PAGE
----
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    This article has been cited by the following publications. This list is generated based on data provided by CrossRef.

    Arguedas, Deborah and Batchelor, Jennifer 2009. 18q Deletion syndrome: A neuropsychological case study. Neurocase, Vol. 15, Issue. 2, p. 101.

    Zavala, Juan Ramirez, Mercedes Medina, Rolando Heard, Patricia Carter, Erika Crandall, AnaLisa Hale, Daniel Cody, Jannine and Escamilla, Michael 2009. Psychiatric syndromes in individuals with chromosome 18 abnormalities. American Journal of Medical Genetics Part B: Neuropsychiatric Genetics, Vol. 9999B, p. n/a.

    Feenstra, Ilse Vissers, Lisenka E.L.M. Orsel, Mirjam van Kessel, Ad Geurts Brunner, Han G. Veltman, Joris A. and van Ravenswaaij-Arts, Conny M.A. 2007. Genotype–phenotype mapping of chromosome 18q deletions by high-resolution array CGH: An update of the phenotypic map. American Journal of Medical Genetics Part A, Vol. 143A, Issue. 16, p. 1858.

    Netzer, C. Helmstaedter, C. Ehrbrecht, A. Engels, H. Schwanitz, G. Urbach, H. Schroder, R. Weber, R. G. and Kornblum, C. 2006. Global brain dysmyelination with above-average verbal skills in 18q - syndrome with a 17 Mb terminal deletion. Acta Neurologica Scandinavica, Vol. 114, Issue. 2, p. 133.

  • Journal of the International Neuropsychological Society, Volume 11, Issue 5
  • September 2005, pp. 584-590

Cognitive ability predicts degree of genetic abnormality in participants with 18q deletions

  • DOI:
  • Published online: 01 August 2005

One of the most common chromosomal deletions is a loss of genetic material from the long arm of chromosome 18. Most individuals with this condition exhibit mental retardation (68%), yet previous attempts to link cognitive status to deletion size have not shown an association, possibly because cases with additional genetic abnormalities were included. We studied 46 participants ranging from 3 to 35 years of age who had a pure genetic abnormality by excluding those with mosaicism or complex genetic rearrangements. Our patients had terminal deletions ranging from a proximal breakpoint at 18q21.1 (greater genetic abnormality, larger deletion size) to a more distal breakpoint at 18q23 characterized with molecular genetic techniques. Cognitive ability, assessed with the age-appropriate measure (Bayley, 1993, Differential Ability Scale, Wechsler Scales), ranged from IQ = 49 to 113, with a predominance of mild and moderate mental retardation. Using multivariate regression, deletion size breakpoint rank order was predicted by cognitive ability, age, and adaptive behavior (Vineland Adaptive Behavior Scales), accounting for 36% of the variance in deletion size. However, lower cognitive ability (beta = .34, p = .032) and younger age (beta = .296, p = .024) predicted a larger deletion size, but adaptive behavior (beta = .225, p = .15) did not. An additional multivariate regression showed that cognitive ability and age together accounted for 33% of the variance in deletion size, whereas univariate regression showed that cognitive ability accounted for 26% of the variance and age accounted for 11% of the variance. These findings suggest that degree of cognitive impairment is associated with genetic abnormality when a large sample of individuals with “pure” deletions of genetic material from chromosome 18 is examined. (JINS, 2005, 11, 584–590.)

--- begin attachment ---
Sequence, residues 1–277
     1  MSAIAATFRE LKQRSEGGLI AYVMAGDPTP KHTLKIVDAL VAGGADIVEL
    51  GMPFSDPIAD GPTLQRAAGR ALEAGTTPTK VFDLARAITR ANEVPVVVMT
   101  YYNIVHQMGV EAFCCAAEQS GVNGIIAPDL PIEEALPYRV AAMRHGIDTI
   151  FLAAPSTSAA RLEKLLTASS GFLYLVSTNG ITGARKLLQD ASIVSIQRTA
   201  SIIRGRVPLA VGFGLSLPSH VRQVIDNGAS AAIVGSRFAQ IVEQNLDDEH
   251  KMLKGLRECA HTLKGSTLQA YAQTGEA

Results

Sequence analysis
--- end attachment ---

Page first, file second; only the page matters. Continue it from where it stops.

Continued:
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Reprint requests to: Margaret Semrud-Clikeman Ph.D., Department of Educational Psychology, D5800, 1 University Station, Austin, TX 78712. E-mail:
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Journal of the International Neuropsychological Society
  • ISSN: 1355-6177
  • EISSN: 1469-7661
  • URL: /core/journals/journal-of-the-international-neuropsychological-society
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